The other problem with Space Races is they tend to have a goal, and when you hit that goal everything stops, as compared to the incremental progress we're making now.

Which is not to say that it isn't intensely frustrating that we don't have a Moon base nor a Mars base yet, but that's down to the whiplash inducing u-turns of the US Congress and POTUS - Cameron has nothing on them! "We're going back to the moon!". 2 years later "We're going to Mars! By 2030. Scratch Consteallation and the Moon programme" Yeah, and your successor will have a different idea, as will their successor, and 3-4 presidents down the line we get to 2030 and have still gone no further, but will have the half-baked recipes for 3 separate programmes filed away, each with about 5 years work done on them.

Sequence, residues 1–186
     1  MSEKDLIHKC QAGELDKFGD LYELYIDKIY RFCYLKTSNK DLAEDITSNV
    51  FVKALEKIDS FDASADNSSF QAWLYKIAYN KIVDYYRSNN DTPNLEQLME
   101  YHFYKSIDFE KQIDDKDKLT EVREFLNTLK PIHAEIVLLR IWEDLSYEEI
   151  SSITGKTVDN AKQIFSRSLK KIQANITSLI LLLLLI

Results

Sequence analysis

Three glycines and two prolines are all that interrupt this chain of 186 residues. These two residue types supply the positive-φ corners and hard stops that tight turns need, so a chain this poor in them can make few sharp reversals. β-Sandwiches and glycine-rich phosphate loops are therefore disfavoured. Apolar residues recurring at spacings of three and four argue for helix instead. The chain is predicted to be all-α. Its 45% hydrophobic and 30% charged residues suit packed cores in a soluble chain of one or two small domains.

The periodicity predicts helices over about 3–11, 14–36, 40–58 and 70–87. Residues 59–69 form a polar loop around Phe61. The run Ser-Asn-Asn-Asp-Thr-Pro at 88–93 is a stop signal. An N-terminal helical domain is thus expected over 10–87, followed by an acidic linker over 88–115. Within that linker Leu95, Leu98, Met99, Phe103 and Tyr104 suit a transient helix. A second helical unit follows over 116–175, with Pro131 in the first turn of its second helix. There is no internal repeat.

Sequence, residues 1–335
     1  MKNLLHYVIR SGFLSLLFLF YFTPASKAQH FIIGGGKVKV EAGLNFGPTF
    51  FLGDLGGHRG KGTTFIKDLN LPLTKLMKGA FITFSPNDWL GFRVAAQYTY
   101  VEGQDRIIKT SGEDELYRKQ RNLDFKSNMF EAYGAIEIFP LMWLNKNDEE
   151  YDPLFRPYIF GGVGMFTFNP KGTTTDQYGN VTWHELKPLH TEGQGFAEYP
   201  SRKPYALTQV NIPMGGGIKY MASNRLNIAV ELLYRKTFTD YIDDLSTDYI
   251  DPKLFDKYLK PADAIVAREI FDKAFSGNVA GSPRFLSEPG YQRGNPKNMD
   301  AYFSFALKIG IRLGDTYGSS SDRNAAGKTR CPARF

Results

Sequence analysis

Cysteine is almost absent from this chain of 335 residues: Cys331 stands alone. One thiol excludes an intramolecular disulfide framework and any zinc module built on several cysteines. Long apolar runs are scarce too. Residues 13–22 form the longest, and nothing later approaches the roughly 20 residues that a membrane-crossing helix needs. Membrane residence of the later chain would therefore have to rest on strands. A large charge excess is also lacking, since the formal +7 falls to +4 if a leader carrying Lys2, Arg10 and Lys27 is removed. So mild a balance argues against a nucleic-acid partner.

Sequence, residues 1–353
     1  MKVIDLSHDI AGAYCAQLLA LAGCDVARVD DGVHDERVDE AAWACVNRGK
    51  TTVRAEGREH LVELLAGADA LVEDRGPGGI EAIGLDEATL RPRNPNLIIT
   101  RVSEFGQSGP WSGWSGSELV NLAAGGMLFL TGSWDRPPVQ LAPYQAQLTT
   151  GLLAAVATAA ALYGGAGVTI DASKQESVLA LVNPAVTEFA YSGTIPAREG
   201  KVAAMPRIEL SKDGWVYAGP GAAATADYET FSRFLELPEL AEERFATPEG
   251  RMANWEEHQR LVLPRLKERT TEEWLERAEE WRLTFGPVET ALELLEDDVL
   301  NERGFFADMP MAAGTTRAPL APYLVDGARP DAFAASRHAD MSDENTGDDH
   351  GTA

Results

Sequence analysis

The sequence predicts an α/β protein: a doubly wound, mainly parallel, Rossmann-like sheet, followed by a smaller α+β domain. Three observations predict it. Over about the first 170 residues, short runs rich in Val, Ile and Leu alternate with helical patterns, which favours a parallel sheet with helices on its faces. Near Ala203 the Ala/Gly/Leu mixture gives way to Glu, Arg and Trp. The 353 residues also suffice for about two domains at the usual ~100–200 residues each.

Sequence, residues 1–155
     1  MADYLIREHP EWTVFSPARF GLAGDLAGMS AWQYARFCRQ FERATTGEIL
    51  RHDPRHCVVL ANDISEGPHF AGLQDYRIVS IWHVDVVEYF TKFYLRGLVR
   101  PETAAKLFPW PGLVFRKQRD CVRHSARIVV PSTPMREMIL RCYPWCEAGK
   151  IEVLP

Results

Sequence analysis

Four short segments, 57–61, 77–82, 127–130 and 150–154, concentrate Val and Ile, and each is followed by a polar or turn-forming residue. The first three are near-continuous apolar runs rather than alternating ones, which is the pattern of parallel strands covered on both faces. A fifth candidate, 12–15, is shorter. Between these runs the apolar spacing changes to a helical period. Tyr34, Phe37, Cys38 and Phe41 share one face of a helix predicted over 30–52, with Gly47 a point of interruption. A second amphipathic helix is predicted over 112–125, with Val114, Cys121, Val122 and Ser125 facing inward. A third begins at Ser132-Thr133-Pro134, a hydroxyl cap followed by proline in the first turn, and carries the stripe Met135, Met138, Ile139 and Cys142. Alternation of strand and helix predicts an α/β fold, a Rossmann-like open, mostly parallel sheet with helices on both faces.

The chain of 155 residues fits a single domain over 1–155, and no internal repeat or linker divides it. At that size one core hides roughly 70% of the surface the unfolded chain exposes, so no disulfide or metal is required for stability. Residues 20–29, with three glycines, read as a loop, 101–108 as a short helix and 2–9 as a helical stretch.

The politicians are stifling it, which has nothing to do with the ISS - as Cunningham was saying on SGL last night, Apollo 7 that he flew on was an orbital test. If it had gone badly, Apollo 8 (a mere two months later) would have repeated it and sought to get it right instead of going around the Moon. Changing the mission profiles and goals was at the behest of the controllers and engineers. These days you'd have to go back to the Congressional Funding Committee and plead your case to a bunch of non-specialists who will then spend a few months debating whether the engineers are allowed more test flights.

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Re: Oh crap.

The ISS is a useless PR stunt.

If that's all it is, they're doing a piss-poor job at it. Like, why don't they have some cute animals up there with 24/7 space-kitty cams? Maybe you have something with your post's title there, though... having cat piss and shit flying around everywhere would be kind of disgusting.

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Re: Oh crap.